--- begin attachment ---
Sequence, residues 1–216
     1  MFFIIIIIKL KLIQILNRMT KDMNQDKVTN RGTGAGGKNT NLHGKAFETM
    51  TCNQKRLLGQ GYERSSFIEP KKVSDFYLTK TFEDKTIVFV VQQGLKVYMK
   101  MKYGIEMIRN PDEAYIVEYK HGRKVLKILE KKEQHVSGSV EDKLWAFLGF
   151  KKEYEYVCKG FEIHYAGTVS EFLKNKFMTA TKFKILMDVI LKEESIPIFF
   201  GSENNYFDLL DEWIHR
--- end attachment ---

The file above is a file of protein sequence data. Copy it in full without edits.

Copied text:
Sequence, residues 1–216
     1  MFFIIIIIKL KLIQILNRMT KDMNQDKVTN RGTGAGGKNT NLHGKAFETM
    51  TCNQKRLLGQ GYERSSFIEP KKVSDFYLTK TFEDKTIVFV VQQGLKVYMK
   101  MKYGIEMIRN PDEAYIVEYK HGRKVLKILE KKEQHVSGSV EDKLWAFLGF
   151  KKEYEYVCKG FEIHYAGTVS EFLKNKFMTA TKFKILMDVI LKEESIPIFF
   201  GSENNYFDLL DEWIHR